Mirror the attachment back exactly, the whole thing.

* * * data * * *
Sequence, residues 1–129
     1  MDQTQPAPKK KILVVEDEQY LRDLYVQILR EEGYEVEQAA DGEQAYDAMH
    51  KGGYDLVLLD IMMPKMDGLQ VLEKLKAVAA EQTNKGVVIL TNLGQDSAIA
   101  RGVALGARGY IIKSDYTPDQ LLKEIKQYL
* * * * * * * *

Sequence, residues 1–129
     1  MDQTQPAPKK KILVVEDEQY LRDLYVQILR EEGYEVEQAA DGEQAYDAMH
    51  KGGYDLVLLD IMMPKMDGLQ VLEKLKAVAA EQTNKGVVIL TNLGQDSAIA
   101  RGVALGARGY IIKSDYTPDQ LLKEIKQYL